Four congressional races in deeply conservative Utah’s June 28 primary will feature Republican contests and Democrats running unopposed for the U.S. House seats.
The election will take place by mail-in ballot in four congressional districts created by Utah’s legislature in 2021, with limited opportunities to vote in person.
Incumbent Rep. Blake Moore (R-Utah) seeks a second term to represent Utah’s 1st Congressional District. His two Republican opponents are Andrew Badger and Tina Cannon.
Moore, a management consultant, was first elected in 2020 in a field of 12 primary candidates, though critics called him out for living in Salt Lake City, 15 miles outside the congressional district.
In the general election, however, Moore defeated his Democrat rival Darren Parry with nearly 70 percent of the vote. He moves forward in the 2022 primary, endorsed by Utah Senate President Stuart Adams.
Though Moore voted against Donald Trump’s second impeachment, he voted twice to keep Liz Cheney (R-Wyo.) as conference chairman. He also supported bipartisan legislation to form the commission to investigate the Jan. 6 protest at the U.S. Capitol.
In terms of campaign funding, Moore, with $1.14 million, far outpaces Badger ($107,000), and Cannon ($156,000).
“I ran for Congress to ensure we have conservative leadership for our nation’s future,” said Moore, a former foreign service officer for the Department of State, on his campaign website.
“Who we send to Washington matters. Elections are about the future, and the stakes have never been higher.”
Moore is staunchly pro-life on the issues and favors a secure border, including competition with China, reducing inflation, and affordable health care.
In Congress, he supports the Federal Agency Sunset Commission Act and the Fiscal State of the Nation Resolution to make the government more efficient and fiscally responsible.
“I also am working to recoup the hundreds of billions of dollars from COVID-19 relief funds that were never obligated. We should use these wasted dollars for debt reduction, not additional spending. Reversing the debt-to-GDP ratio is at the top of my fiscal agenda,” Moore said.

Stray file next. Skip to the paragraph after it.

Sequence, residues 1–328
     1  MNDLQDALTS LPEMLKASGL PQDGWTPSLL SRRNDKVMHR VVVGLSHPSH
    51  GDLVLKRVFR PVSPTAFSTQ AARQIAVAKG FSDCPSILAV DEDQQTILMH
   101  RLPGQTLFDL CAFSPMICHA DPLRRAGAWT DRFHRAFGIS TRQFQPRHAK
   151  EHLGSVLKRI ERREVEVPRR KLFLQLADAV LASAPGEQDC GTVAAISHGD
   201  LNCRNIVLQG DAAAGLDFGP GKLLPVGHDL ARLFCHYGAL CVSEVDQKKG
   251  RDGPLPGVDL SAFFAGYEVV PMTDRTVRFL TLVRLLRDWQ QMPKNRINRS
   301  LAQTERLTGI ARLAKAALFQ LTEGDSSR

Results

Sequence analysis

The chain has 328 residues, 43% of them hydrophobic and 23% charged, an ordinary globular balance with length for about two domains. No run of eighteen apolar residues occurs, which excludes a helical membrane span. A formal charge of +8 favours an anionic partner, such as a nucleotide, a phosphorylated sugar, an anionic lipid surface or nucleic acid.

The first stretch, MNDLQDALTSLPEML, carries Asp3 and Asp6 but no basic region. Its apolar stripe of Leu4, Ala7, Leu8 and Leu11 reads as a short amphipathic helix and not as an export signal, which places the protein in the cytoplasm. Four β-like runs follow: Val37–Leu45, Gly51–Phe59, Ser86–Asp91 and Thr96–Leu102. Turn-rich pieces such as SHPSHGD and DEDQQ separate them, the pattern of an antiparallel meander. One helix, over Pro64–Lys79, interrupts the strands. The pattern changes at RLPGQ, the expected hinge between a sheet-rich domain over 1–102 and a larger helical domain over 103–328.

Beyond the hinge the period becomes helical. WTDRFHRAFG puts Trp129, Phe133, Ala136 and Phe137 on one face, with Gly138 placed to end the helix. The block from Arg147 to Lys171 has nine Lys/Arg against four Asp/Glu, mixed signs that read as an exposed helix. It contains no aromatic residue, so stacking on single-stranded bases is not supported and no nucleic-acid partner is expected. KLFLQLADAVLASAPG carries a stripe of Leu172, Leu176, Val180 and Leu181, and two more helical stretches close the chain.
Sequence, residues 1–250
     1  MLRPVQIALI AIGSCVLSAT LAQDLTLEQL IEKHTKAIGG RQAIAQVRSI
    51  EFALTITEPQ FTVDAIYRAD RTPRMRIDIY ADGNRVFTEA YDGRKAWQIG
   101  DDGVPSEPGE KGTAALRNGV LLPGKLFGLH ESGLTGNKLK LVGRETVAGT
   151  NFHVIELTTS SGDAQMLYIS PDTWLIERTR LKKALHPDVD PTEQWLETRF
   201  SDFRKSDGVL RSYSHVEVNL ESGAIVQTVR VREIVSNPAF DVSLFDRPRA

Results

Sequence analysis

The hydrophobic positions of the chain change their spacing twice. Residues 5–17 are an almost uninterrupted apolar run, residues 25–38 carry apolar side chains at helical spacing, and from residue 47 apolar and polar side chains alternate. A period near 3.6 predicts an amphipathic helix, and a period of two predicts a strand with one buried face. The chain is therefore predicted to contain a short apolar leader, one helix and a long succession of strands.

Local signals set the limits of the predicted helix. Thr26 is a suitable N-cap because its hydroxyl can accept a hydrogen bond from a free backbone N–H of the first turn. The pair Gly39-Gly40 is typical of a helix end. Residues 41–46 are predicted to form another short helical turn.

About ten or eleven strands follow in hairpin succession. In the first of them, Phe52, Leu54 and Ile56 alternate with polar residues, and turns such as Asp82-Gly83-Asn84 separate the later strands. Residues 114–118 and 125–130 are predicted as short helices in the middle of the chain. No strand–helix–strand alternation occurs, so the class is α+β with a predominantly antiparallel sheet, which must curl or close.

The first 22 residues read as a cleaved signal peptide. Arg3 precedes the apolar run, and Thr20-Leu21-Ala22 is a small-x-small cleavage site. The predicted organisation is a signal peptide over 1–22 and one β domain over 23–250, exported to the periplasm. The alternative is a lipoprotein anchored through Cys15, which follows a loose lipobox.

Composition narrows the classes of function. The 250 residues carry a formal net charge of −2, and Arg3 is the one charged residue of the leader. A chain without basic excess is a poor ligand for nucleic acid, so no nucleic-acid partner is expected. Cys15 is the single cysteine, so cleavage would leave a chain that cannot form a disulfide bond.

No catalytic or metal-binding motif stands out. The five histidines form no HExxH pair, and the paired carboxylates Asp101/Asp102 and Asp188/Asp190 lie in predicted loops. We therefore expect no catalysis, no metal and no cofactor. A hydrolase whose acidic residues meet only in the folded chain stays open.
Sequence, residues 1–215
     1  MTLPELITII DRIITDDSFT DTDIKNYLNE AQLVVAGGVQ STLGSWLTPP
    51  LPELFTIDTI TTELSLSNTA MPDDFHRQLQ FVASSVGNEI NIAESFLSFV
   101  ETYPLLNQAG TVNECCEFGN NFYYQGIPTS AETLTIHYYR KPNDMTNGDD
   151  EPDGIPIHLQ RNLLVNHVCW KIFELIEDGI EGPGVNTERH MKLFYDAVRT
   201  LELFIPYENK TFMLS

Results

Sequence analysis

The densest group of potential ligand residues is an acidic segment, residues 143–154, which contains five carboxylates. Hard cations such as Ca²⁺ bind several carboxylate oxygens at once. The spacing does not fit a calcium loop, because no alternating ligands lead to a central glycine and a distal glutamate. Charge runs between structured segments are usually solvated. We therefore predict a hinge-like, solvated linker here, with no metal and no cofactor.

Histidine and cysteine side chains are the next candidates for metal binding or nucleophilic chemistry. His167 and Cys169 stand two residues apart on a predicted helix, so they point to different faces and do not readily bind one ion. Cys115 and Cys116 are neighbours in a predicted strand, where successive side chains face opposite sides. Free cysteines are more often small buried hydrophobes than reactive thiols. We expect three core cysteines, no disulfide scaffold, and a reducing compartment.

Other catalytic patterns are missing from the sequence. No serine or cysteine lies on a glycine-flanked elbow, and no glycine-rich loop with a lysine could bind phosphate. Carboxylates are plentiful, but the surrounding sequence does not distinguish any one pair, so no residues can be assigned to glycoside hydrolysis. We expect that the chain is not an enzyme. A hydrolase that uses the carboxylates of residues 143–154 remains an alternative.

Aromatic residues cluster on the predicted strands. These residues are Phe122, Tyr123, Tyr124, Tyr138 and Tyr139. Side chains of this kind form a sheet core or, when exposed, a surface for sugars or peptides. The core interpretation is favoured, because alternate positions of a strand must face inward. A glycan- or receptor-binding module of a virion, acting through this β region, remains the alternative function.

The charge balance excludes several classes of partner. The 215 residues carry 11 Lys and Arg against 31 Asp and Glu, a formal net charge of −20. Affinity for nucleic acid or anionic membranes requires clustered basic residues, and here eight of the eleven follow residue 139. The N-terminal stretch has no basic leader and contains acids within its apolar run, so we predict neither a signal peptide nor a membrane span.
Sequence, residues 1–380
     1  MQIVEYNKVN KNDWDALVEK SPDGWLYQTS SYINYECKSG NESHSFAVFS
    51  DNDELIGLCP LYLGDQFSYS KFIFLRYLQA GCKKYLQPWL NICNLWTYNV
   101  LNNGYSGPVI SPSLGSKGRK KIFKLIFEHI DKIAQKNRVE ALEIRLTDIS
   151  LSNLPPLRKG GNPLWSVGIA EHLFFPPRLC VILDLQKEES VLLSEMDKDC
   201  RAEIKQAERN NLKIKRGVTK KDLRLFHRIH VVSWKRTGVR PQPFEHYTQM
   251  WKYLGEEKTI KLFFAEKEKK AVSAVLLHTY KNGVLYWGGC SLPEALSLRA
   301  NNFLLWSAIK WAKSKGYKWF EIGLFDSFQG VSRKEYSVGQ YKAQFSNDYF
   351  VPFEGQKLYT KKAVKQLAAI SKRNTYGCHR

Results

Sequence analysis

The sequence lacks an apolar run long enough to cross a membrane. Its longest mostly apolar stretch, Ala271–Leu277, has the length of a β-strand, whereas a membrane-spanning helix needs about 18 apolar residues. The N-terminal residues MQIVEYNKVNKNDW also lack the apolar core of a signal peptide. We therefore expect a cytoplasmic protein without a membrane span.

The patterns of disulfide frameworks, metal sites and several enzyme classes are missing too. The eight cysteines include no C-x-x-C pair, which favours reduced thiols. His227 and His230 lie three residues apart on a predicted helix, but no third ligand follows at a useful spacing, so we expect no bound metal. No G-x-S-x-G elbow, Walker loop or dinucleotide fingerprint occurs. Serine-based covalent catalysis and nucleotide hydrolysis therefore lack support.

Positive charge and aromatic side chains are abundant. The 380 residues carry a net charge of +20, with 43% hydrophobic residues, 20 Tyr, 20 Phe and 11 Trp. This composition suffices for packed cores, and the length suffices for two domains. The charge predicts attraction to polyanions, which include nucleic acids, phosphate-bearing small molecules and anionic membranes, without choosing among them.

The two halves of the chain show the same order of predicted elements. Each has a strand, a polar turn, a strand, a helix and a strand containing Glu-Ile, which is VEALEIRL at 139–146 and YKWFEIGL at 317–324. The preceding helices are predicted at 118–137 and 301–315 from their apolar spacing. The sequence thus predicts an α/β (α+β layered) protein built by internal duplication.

Andrew Badger said he’s running to fix a “broken border” and fight inflation, as he sees the country is “in a state of crisis.”
Badger said the current Republican representatives aren’t acting with a sense of urgency to address these issues.
“For instance, my opponent Blake Moore sponsored a censure resolution condemning [former] president Trump for supposedly ‘violating his oath of office’ after the 2020 election,” Badger told The Epoch Times. “But where is the similar resolution condemning President Joe Biden?
“My wake-up call to this fact was what happened with the disastrous withdrawal from Afghanistan. Why has not one single official—from Mark Milley to Lloyd Austin—been held accountable?
“Afghanistan is symbolic of the lack of accountability in the Biden administration in general. Biden is destroying America, but it’s weak Republicans who are letting him get away with it.”
Badger says, “the central issue of this election is about who is going to fight back against a corrupt D.C. establishment to return power back to the people.”
“Based upon the feedback I’ve heard from constituents, the greatest challenge we face is a corrupt [and] accountable government that has too much power.
“We have to fight back against government overreach and our God-given liberties as enshrined in the Constitution,” he said.
“Constituents in the district also feel our representatives are out of touch with them on issues like election integrity, fighting COVID mandates, and supporting parental rights in education. These issues, in particular, have all been central to my campaign.”
Badger, a Harvard graduate, is running on an “America First” platform that he said “isn’t about [former] president Trump” but about policies and principles that keep America great.
“Its first and foremost definition means that the government works for us, not the other way around,” Badger said.